In sum, there is nothing to justify reexamining the result reached in Morey, let alone reaching a different result. In that respect, it is parenthetically worth noting how the Complaint misreads the Morey opinion. Thillens alleges (para. 17(a)) Morey "expressly relied on the findings contained in Section.01" in reaching its decision. Although that provision was cited early in the opinion (11 Ill. 2d at 582, 144 N.E.2d at 737), that was simply part of a 2-1/2 page review of all of the Act's relevant provisions. Thereafter the Illinois Supreme Court never referred to the provision again, instead relying on extensive findings of fact made by the trial court as to conditions in the currency exchange and ambulatory currency exchange business ( id. at 588-92, 144 N.E.2d at 740-42). Those findings of fact blend with the Supreme Court's legal analysis for law of the case purposes.
Indeed, it is clear that the legislature's actual purpose (even assuming legislative intent is in some way truly ascertainable, see Sinclair) is wholly irrelevant in the normal due process analysis. Under the conventional "rational basis" test, economic legislation will be upheld if the legislature could have concluded that the law is reasonably related to any legitimate state objective ( United States Railroad Retirement Board v. Fritz, 449 U.S. 166, 179, 66 L. Ed. 2d 368, 101 S. Ct. 453 (1980)).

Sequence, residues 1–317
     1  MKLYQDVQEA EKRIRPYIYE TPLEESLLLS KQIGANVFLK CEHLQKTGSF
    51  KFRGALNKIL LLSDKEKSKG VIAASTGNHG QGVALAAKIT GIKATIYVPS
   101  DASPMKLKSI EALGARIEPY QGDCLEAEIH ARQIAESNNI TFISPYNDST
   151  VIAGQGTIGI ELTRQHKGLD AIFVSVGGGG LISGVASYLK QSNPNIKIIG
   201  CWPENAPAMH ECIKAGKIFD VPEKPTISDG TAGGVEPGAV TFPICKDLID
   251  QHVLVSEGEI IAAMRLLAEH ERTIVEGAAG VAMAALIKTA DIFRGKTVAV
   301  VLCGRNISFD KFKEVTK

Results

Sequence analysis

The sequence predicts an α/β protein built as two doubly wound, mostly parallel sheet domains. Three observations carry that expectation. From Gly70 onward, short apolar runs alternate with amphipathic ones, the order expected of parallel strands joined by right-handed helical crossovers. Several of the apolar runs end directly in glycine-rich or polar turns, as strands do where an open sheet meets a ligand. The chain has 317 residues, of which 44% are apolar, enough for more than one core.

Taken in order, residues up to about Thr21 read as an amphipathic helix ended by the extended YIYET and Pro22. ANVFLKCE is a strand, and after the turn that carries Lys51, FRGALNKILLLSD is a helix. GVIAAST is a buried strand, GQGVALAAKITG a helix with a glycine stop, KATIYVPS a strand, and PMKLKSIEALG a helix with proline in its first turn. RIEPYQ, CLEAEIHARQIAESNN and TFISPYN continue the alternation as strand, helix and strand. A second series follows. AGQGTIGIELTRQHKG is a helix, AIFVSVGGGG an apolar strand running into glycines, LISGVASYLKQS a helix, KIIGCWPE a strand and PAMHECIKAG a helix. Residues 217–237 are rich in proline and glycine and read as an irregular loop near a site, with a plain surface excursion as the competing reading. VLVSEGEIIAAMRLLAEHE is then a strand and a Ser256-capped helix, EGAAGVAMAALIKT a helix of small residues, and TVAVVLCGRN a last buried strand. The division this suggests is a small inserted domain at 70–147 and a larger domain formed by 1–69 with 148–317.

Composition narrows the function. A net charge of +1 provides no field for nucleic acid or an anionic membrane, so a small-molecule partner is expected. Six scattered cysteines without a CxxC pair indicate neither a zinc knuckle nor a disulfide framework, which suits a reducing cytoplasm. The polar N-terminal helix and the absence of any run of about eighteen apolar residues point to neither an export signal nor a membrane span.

Finally, any argument by Thillens that the statute violates due process because it was passed in furtherance of an alleged conspiracy is clearly misplaced in light of United States v. O'Brien, 391 U.S. 367, 383, 20 L. Ed. 2d 672, 88 S. Ct. 1673 (1968):
It is a familiar principle of constitutional law that this Court will not strike down an otherwise constitutional statute on the basis of an alleged illicit legislative motive.
Once again, as with each of its other contentions under the Due Process Clause, Thillens fails abysmally.